A herniated disk is every bit as painful as it sounds. Furthermore, the pain and discomfort associated with this injury can slow you down, thus making it very difficult to live the life you've come to enjoy.
There are many causes of herniated disks, such as lifting too much weight, blunt force trauma, slip-and-fall accident, car accident and a fall from height.
Many people suffer a herniated disk on the job, especially those who work in physically demanding industries such as construction. If you suspect this injury, don't hesitate to report it to your employer and seek medical attention.
Your doctor can run a variety of tests to pinpoint your injury, as well as the severity. These include:
- CT scan
After reviewing the results of these tests, you can work closely with your medical team to determine the type of treatment strategy that suits you best. Some of the most common options include:
- Medication: This includes pain medication, muscle relaxers, cortisone injections and anticonvulsants. You may only need one of these, but you'll want to discuss each type with your doctor.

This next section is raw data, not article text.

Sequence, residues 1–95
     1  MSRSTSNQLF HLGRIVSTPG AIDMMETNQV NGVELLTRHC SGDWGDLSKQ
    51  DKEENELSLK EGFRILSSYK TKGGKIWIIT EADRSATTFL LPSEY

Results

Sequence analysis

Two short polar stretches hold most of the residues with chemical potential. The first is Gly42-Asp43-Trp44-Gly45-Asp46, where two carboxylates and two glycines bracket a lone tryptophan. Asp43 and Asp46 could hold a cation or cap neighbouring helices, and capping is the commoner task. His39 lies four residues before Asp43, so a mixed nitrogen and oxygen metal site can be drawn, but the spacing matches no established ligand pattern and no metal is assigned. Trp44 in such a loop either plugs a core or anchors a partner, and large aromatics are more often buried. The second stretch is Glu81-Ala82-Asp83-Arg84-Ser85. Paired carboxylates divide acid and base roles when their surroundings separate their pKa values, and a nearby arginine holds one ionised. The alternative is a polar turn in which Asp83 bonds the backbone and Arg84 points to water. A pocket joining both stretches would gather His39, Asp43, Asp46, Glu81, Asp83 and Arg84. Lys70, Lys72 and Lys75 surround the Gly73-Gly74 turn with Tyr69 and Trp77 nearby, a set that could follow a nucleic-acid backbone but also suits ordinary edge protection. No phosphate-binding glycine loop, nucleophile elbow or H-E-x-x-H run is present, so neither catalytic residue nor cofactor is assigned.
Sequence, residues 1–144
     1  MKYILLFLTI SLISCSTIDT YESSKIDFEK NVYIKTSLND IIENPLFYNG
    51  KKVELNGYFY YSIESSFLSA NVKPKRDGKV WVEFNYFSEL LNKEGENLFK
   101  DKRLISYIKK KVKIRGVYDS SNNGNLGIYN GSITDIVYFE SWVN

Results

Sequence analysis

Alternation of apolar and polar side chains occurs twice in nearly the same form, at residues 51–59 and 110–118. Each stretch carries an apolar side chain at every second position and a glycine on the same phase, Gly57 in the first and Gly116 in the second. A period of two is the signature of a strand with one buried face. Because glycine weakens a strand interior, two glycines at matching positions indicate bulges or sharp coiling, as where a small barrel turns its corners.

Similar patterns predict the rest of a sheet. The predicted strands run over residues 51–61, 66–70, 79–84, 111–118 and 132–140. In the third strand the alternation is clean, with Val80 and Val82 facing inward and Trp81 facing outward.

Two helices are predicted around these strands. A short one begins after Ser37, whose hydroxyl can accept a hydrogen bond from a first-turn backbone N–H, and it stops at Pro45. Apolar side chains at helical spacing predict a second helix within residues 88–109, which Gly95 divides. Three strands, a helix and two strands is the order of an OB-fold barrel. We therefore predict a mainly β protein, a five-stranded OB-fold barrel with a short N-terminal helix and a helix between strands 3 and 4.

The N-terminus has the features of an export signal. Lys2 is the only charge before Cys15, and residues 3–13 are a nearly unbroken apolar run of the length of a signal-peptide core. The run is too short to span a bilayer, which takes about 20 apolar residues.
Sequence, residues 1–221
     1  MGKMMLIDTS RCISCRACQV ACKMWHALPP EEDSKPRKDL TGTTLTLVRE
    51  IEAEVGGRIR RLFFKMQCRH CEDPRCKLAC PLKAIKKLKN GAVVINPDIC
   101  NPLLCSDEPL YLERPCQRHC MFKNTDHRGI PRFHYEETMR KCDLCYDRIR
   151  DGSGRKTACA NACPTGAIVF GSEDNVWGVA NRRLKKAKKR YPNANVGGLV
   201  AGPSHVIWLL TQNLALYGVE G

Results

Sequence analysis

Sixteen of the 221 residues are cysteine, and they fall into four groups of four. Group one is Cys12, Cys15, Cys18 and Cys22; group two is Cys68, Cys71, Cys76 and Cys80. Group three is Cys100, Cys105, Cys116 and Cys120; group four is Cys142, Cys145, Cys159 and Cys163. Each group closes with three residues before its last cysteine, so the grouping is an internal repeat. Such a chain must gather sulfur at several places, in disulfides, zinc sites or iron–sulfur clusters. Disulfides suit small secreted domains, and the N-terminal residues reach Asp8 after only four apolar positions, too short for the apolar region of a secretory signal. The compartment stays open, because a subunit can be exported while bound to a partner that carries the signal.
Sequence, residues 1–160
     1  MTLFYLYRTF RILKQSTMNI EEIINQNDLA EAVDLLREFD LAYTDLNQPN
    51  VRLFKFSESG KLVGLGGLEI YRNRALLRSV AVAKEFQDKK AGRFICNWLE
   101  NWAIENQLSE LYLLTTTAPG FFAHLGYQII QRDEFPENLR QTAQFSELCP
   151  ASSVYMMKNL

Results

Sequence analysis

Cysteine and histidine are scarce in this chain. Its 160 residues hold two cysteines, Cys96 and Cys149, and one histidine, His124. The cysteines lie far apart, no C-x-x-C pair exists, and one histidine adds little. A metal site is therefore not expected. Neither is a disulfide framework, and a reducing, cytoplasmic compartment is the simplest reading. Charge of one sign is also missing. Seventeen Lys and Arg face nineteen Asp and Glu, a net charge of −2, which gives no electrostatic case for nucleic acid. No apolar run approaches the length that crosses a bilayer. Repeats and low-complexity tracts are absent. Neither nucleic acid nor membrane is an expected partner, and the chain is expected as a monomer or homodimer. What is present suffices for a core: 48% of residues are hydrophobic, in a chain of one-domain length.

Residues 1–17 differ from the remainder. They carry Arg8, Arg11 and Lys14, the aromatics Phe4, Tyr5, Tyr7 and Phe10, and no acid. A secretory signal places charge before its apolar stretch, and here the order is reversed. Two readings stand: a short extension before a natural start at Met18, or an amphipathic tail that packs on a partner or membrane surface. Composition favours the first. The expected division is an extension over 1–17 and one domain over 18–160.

- Physical therapy: If your herniated disk doesn't begin to feel better after several weeks of rest, it may be time to consider the benefits of physical therapy. It's not comfortable at first, but therapy can go a long way in regaining strength and improving flexibility.
- Surgery: While it's not typically required for a herniated disk, there are times when surgery is necessary to make a full recovery. This is typically the case if you're experiencing weakness, numbness, difficulty walking or standing, and/or loss of bowel or bladder control. There are several types of surgical procedures to discuss with your doctor, such as a discectomy.
Most people who suffer a herniated disk are fully aware that something is wrong. While they may not know the exact type of injury, there's enough pain that they understand the importance of seeking care.
If you injure your back or neck on the job, do the following:
- Report the accident to your employer
- Receive medical care
- Share the findings of your medical tests with your employer
- Determine if you can return to work
If you're unable to return to your job, you can file a claim for workers' compensation benefits. This can help minimize the financial impact of your injury.